Honorable and Dishonorable Service to the Lord (Mon, Dec. 14)

The word of the day is “honorable.” In today’s reading of 2 Timothy, 2:20-27, St. Paul teaches the way to become a more useful servant of the Kingdom.  The Apostle contrasts church members who are effective as “vessels of honor” and those who are “instruments of dishonor”  (vs. 20).

The term household “vessels” that Paul refers to all sorts of utensils, not necessarily containers (Strong’s #4632, 232).  Therefore, the comparison is not to the contents of what is contained.  The contrast is to the composition of the implements.  What they are made of determines the nature of their use.  One does not use a silver punch bowl as a washbasin, nor a wooden spoon to serve as a serving ladle.

Golden Goblets and Clay Pots

The metaphor compares such household items to the members of a congregation.  Some are like golden goblets.  Others like clay pots.  Some are more valuable than others.  Some are more useful than others.

But the utensils’ worth and effectiveness do not depend on whether the service that the members perform is considered higher or lower, more essential or less useful, more proficient or less adept. Rather, “honor” and “dishonor” in the moral and spiritual sense are the criteria for evaluating the members.

In the vineyard of Christ, it is moral and spiritual purity that makes one valuable and useful to the Lord.   A great preacher may enthrall his audience with mesmerizing words and fashionable topics for a time.  But if he is impure in thought and deed, his work will come to ruin.  An intelligent member of the Church Council will lead the other leaders astray if her motives are impure.  A member who cleans up after coffee hour may spoil the congregation’s fellowship if his attitude is sour and resentful.

Changed To a Vessel of Honor

How then can one attain and preserve this essential qualification of workers in the parish?  A  wooden spoon can hardly change itself into a silver ladle.  But Paul says that one can change from being a dishonorable vessel to a “vessel of honor” (vs. 21). To do this, Paul teaches that one must “cleanse” oneself. The word “cleanse” means that the member should “purge” himself (Strong’s #1571, 60).  Of what? In our reading lists some examples of what needs purging: “youthful lusts,” “foolish and ignorant disputes,” “quarrels,” and “opposition” (vs. 22-25).  These represent the type of conduct that makes the Lord’s servants ineffective, no matter how important and beneficial their work seems.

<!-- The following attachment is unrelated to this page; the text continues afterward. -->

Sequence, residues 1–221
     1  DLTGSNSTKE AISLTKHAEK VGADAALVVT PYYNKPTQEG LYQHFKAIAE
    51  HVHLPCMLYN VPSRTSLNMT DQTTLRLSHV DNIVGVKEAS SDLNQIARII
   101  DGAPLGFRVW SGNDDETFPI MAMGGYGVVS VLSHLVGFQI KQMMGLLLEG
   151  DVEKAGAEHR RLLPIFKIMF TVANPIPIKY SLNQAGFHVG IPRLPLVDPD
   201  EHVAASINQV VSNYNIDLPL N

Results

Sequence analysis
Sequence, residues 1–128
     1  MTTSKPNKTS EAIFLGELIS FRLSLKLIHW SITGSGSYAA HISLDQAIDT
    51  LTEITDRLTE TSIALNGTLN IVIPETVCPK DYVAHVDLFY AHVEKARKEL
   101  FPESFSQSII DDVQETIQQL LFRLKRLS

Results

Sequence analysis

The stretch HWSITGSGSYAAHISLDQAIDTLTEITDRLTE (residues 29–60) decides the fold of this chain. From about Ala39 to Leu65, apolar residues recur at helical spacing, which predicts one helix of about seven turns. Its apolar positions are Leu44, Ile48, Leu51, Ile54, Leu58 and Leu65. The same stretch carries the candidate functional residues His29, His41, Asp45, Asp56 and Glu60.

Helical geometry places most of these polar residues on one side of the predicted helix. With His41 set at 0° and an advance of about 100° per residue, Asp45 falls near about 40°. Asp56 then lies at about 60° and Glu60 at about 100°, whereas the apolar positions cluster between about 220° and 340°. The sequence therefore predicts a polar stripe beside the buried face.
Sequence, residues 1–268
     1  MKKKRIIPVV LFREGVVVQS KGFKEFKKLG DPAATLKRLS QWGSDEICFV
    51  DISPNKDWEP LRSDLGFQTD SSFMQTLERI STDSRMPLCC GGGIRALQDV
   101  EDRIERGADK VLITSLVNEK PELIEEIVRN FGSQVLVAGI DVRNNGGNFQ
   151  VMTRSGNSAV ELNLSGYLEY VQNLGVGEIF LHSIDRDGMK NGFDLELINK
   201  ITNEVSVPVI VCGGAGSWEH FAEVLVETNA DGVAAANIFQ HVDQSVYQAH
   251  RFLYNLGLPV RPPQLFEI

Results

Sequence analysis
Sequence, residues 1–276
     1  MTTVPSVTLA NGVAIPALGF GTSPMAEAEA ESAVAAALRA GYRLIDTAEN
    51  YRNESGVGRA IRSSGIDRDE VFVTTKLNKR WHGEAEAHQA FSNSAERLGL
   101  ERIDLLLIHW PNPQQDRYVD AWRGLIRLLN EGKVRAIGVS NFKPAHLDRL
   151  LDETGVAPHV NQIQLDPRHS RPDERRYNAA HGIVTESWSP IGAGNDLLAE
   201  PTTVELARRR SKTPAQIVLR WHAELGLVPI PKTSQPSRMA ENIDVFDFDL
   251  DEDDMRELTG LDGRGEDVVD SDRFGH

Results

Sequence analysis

God has given the Body of Christ several means for this cleansing.  First is the primary cleansings in the waters of baptism. The second is the renewal of our baptism, the Holy Mystery (sacrament ) of Confession. Finally, our reading gives another example of a means of the cleansing of the Lord’s servants. It is the admonition of those who are in error and even in opposition (vs. 25).

Sanctified for Service

Paul writes that those who use these means to cleanse themselves are “sanctified and useful for the Master, prepared for every good work” (vs. 2:20).  Sanctification means that the member is made “holy.” His work for the Kingdom is, therefore, “set apart for God” and “consecrated” to Him (Strong’s #37, 3).   Consequently, His service to Christ is pure.  It has no other motive or concern than to please God and to share the love of Christ.

Moreover,  having been cleansed, the member is “prepared for every good work” (vs. 21).  He is ready (Strong’s 2090, 104) to do whatever the Lord asks of him.  It makes no difference to him what the calling is. He has yielded his will to the will of God, and he only wants to serve His Lord and Master.

For Reflection

The Lord told this parable: “But which of you, having a servant plowing or tending sheep when he has come in from the field, will say to him, “Come at once and sit down to eat’? Will he not rather say to him, “Prepare something for my supper, and gird yourself and serve me till I have eaten and drunk, and afterward you will eat and drink’? Does he thank that servant because he did the things that were commanded him? I think not. So likewise, you, when you shall have done all those things which are commanded you, say, ‘We are unprofitable servants: we have done that which was our duty to do’”  (Luke 17:7-10).

How does Paul’s teaching of the attitudes and actions of “honorable servanthood” reflect the message of the Lord’s parable?




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